Nonetheless, Dunn will leave behind an impressive body of work, and his extreme homers/walks/strikeouts offensive game makes him an historically unique player. He has 460 career home runs (good for 36th all-time), including at least 38 in seven consecutive seasons from 2004 through 2010. He’s also drawn an impressive 1,311 walks in his career, fourth among active players (behind Bobby Abreu, Jason Giambi and Manny Ramirez). Of course, he’s been one of the game’s most frequent strikeout victims — five of his seasons are in the top 20 all time in strikeouts, and he ranks third all-time in whiffs, behind Reggie Jackson and Jim Thome.
Dunn made his mark on Major League pitching immediately, finishing fourth in NL Rookie of the Year voting in 2001 (despite only playing half the season in the bigs) and emerging as a poster boy for the sabermetric movement with his “Three True Outcomes” (homers, walks and strikeouts) offensive style. He then blossomed into one of the game’s most feared power hitters as an outfielder and then a first baseman with the Reds, Diamondbacks and Nationals.
Photo courtesy of USA Today Sports Images.
During a visit to Wrigley Field for today’s Pirates/Cubs game, veteran right-hander Carlos Zambrano told reporters (including MLB.com’s Carrie Muskat) that he has retired. He had been pitching in his native Venezuela last winter in the hopes of catching on with another Major League club, but it appears as though Zambrano has instead called it a career.
The “Big Z” retires with a 132-91 record, 3.66 ERA, 7.5 K/9 and 38.2 rWAR over 1959 innings in the bigs, with 11 of his 12 seasons spent with the Cubs and his final year (2012) spent with the Marlins. (Zambrano also made four starts in the Phillies’ minor league system in 2013.) He threw a no-hitter against the Astros in 2008 and his career achievements include three top-five finishes in NL Cy Young Award voting, three All-Star appearances and three Silver Slugger Awards. That last honor was particularly well-deserved since Zambrano was one of the better-hitting pitchers in recent memory, posting a .238/.248/.388 slash line and 24 homers over 744 PA.
While slightly leaving the door open for a possible comeback attempt, Zambrano’s recent attempts at throwing didn’t work out. “I was telling one of the [Cubs] scouts that I was playing catch the other day after five months, and I felt like I was throwing a rock,” Zambrano said. “I think I’m going to stay home, see what happens next year. God has the last word.”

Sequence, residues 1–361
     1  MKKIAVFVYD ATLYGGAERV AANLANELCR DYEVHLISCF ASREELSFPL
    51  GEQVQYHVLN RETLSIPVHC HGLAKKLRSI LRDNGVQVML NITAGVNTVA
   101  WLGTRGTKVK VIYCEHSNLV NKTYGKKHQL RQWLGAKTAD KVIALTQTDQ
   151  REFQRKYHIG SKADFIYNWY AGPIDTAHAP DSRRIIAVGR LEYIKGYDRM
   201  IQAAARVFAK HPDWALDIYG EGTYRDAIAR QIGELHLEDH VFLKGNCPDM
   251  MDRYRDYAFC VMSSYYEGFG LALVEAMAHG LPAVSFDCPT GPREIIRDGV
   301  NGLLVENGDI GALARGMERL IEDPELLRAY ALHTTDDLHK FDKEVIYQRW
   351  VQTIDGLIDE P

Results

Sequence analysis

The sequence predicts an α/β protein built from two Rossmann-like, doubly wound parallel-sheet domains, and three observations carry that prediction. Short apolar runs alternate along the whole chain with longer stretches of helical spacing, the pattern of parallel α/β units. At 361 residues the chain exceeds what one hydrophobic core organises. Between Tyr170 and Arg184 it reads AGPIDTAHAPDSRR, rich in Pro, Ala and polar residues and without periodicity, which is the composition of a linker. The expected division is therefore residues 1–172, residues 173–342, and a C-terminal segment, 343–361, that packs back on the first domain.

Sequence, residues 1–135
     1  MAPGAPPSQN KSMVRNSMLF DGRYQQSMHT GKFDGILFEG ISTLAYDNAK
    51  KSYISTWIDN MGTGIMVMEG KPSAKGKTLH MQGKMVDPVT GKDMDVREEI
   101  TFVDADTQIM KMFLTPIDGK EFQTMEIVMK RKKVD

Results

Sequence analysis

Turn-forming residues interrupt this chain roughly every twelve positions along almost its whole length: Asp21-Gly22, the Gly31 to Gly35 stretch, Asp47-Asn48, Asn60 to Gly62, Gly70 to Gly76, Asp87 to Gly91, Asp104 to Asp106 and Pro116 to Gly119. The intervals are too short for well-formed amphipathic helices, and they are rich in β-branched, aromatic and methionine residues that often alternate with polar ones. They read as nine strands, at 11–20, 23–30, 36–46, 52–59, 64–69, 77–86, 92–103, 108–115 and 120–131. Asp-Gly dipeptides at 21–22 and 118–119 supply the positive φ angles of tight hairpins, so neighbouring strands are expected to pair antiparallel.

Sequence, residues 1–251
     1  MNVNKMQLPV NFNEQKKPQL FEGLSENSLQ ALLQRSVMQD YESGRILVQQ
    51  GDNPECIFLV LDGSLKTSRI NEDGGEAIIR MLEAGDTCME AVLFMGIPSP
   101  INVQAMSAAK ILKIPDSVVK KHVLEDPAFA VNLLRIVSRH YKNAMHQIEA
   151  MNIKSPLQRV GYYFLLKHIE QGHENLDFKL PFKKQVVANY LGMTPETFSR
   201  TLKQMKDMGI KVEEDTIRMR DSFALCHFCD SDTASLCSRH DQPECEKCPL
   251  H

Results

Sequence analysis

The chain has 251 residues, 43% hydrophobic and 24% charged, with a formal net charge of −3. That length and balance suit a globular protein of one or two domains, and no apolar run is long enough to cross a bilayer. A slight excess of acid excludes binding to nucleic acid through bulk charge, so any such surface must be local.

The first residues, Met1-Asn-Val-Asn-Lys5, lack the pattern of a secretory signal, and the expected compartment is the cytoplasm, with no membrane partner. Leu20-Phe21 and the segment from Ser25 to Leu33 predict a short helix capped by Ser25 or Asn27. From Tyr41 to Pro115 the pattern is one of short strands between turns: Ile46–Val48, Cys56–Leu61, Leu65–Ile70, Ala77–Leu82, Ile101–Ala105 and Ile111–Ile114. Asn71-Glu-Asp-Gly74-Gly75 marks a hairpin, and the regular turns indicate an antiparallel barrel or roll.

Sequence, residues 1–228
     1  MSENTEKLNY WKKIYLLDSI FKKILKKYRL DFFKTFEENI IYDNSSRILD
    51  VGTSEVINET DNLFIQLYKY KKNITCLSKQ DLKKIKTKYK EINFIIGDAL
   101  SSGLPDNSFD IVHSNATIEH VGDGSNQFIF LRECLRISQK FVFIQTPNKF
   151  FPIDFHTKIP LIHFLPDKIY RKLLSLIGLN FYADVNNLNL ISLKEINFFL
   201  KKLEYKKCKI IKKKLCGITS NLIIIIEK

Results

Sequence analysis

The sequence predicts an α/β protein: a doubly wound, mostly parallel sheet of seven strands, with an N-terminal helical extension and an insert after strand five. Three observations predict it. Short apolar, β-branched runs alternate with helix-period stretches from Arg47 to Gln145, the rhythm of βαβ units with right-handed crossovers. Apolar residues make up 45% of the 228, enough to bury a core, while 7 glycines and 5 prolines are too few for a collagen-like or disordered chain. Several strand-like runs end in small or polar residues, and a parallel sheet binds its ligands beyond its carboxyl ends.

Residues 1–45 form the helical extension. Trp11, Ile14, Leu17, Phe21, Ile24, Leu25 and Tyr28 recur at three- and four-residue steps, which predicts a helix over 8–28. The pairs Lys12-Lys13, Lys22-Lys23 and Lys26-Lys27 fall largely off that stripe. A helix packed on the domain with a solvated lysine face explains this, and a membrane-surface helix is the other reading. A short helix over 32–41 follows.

Zambrano, 33, was no stranger to controversy over his career, known for several confrontations with umpires and twice getting into dugout altercations with teammates (Michael Barrett and Derrek Lee). The Cubs put him on the restricted list in August 2011, effectively ending his career in Chicago.
According to Baseball Reference, Zambrano made just under $114MM over his career. We at MLBTR wish Zambrano a happy time in retirement.
Chavez hit .246/.346/.449 in 81 plate appearances for the Diamondbacks this season, but hasn’t played since early June due to injury. He’s battled knee trouble this season and also has a long history of back issues.
Of course, his best seasons came earlier in his career with the Athletics, when Chavez was among the game’s more productive players. Over the 2000-2006 time frame, Chavez compiled a .273/.352/.495 slash with 199 home runs. With outstanding defense, he was worth 31 rWAR and 31.1 fWAR during that stretch.
From that point forward, Chavez was limited by injuries, and never saw more than 400 trips to the plate in a season. But he remained a productive reserve, ultimately moving to the Yankees and then Diamondbacks.
It was no coincidence that the “Moneyball” Athletics made five postseason appearances in the time that Chavez was at his peak. Though he never quite delivered full value on a six-year, $66MM extension signed before the 2004 campaign, Chavez nevertheless was, in the aggregate, a cheap source of top-level production for Oakland after being taken 10th overall in the 1996 draft.
Second baseman Chris Getz, who was designated for assignment by the Blue Jays and outrighted to Triple-A Buffalo, has decided to retire rather than accept his outright assignment, reports MLB Daily Dish’s Chris Cotillo. He quotes Getz:
“I’ve enjoyed every minute that I’ve played and will always be passionate about the game. I’m starting a family, and I’m interested in other endeavors both inside and outside of the game.”
The 30-year-old Getz signed a minor league deal with Toronto this offseason after being non-tendered by the Royals last November but struggled in his 10 games with the Jays, hitting .160/.222/.200.
Getz spent the 2009 season as the primary second base option for the White Sox and posted a .261/.324/.347 batting line, delivering outstanding value on the basepaths that year and going 25-for-27 in stolen base attempts. He was afforded similar playing time with the Royals in 2011 and batted .255/.313/.287 with 21 steals in 28 attempts.
Overall, Getz’s big league career will come to a close with a .250/.309/.307 batting line in 1574 plate appearances. The former fourth-round pick stole 89 bases in 107 attempts, good for an 82 percent success rate. Between his $225K signing bonus out of the draft and his yearly salaries, Getz made more than $3.5MM in his big league career. MLBTR wishes Chris the best of luck in his post-playing endeavors.